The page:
On June 21, the Maine Senate tabled LD 1625, the bill to repeal the Ranked Choice Voting initiative passed by the voters in November 2016. The Senate also gave preliminary approval to LD 1624, which would begin the process of amending the state constitution to allow ranked choice voting.
On June 22, the Maine House took similar action. See this story, which was written before the House had acted. Generally, the votes were by voice vote, so there is no tally of “ayes” and “nays.”
The New York legislature adjourned on the evening of June 21. Although 222 bills to amend the election law had been introduced this year, none of them passed (many of these bills are duplicates of other bills).
Bills that would have improved the appearance and clarity of the ballot were SB 2792 and AB 7333. Bills that would have somewhat liberalized the law on residency of circulators were AB 567 and SB 218.
SB 4780 and AB 5735 would have provided that the state should spend money educating voters that New York has closed primaries.
AB 3052 and SB 3562 would have moved the independent candidate petition deadline from August to May.
Many bills would have made voting easier, by allowing early voting or same-day voter registration, or easing the deadline for primary voters to join parties so as to be able to vote in their primaries.
The Maine House passed LD 31 on June 16. This is the bill that would amend the state constitution to provide that statewide initiatives need signatures of 10% of the last gubernatorial vote in each of the two U.S. House districts. Currently initiatives need 10%, but the signatures can come from anywhere in the state.
On June 19, the Senate sent the bill to the Appropriations Table. This probably means the bill is dead for the year. The legislature adjourns on June 26. Even if it had passed, it would not have taken effect without a vote of the voters.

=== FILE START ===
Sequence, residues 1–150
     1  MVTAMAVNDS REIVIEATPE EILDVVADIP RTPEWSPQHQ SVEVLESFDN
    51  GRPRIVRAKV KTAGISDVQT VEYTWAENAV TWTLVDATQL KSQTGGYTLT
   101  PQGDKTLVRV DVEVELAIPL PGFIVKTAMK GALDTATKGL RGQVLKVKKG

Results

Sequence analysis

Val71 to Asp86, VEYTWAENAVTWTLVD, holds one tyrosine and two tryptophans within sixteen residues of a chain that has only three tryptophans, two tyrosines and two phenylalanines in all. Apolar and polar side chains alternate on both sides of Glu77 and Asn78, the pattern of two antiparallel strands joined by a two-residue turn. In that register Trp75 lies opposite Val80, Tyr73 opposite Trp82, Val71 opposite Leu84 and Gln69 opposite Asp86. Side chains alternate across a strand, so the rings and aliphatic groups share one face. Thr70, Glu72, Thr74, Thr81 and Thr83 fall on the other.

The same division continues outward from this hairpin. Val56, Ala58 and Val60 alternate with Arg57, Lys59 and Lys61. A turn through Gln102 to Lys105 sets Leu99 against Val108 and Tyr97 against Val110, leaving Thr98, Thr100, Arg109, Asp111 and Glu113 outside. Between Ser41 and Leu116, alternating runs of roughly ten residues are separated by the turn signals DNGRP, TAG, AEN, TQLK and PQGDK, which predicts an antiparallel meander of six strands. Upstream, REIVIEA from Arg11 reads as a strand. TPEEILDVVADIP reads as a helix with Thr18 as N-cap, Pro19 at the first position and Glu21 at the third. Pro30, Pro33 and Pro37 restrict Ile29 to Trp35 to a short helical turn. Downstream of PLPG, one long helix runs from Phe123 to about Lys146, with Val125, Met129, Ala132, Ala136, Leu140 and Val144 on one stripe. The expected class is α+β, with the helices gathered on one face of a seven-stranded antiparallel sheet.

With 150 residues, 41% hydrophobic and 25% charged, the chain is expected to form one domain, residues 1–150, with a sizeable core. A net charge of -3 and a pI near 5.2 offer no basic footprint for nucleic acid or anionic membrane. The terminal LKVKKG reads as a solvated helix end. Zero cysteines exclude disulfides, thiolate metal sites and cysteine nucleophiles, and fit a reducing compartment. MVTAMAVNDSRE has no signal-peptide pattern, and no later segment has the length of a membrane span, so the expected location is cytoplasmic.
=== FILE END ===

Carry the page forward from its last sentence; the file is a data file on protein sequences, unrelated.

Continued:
On June 21, the Maine legislature decided not to adjourn on June 21, which had been the original plan. Instead it will adjourn June 26. That gives it more time to settle the budget and also to decide what to do about Ranked Choice Voting.
Utah holds a special election for U.S. House, 3rd district, on November 7, 2017. On June 21, the United Utah Party, a new centrist party that submitted its party petition last month, sued the state elections office because that office says the United Utah Party can’t nominate anyone for that election. United Utah Party v Cox, 2:17cv-655. It is assigned to Judge David Nuffer, who has experience with Utah election law, because he is the judge who handled the Republican Party’s lawsuit against the state law that lets candidates petition onto a primary ballot (the Republican Party only wants candidates in its primary who enjoy substantial support at a party endorsement meeting). Judge Nuffer ruled against the Republican Party in that case. UPDATE: see this news story.
The state says the United Utah Party is too new to nominate anyone in the November 2017 election, even though the only member of the party who wants the 2017 congressional nomination, Jim Bennett, filed a declaration of candidacy by the legal deadline in May. The state hasn’t finished checking the party’s petition, and in the meantime refuses to let anyone from that party file because the state feels the party still isn’t in existence.
On June 21, the North Carolina House Elections Committee passed SB 656, the ballot access bill, by 15-8. However the bill was amended, so assuming it passes the House, it will then need to return to the Senate. It is expected the bill will be brought up for a House floor vote on June 22, or possibly June 23. The bill cuts the number of signatures for a newly-qualifying party from 2% of the last gubernatorial vote, to exactly 10,000.
The House Elections Committee amended the bill in three ways: (1) it moves the independent candidate petition deadline from April to June (it had always been in June, except that a bill passed earlier this year moved it to April, which is clearly unconstitutional); (2) it says that a party that is not otherwise on the ballot, but which placed its presidential nominee on the ballot in at least 40 states at the last presidential election, is on the ballot for president only, even without a petition, in the upcoming presidential election; (3) it minimizes the odds that any party with its own primary will ever again have a run-off primary (current law says a runoff primary is needed if no one got 40%, but the bill lowers that to 30%).
The second amendment is plainly intended to help the Green Party, because Jill Stein was on the ballot in 44 states in 2016. A party that meets this qualification must provide documentation to the State Board of Elections in the odd year before any presidential election. Such parties may also have their own North Carolina presidential primary. Generally newly-qualifying parties in North Carolina never have a primary of any type; they nominate by convention.